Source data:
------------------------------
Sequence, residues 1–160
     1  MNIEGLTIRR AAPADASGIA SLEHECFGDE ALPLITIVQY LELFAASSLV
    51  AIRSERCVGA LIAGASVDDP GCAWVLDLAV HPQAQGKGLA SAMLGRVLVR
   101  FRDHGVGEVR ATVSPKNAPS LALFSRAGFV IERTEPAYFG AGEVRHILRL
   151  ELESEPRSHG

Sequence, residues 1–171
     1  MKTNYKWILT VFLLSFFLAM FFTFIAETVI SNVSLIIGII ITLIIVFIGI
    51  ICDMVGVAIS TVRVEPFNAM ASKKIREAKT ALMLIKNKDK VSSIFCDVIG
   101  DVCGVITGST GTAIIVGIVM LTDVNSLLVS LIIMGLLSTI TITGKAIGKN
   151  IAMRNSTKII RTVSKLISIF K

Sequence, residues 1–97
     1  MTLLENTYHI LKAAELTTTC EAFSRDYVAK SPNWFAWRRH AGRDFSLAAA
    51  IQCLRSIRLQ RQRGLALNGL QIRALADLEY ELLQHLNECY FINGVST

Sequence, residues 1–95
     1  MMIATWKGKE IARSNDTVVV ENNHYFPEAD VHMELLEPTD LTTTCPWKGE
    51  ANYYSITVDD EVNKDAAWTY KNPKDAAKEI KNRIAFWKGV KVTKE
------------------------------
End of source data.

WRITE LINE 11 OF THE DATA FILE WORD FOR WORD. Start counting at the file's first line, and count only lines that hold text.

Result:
Sequence, residues 1–97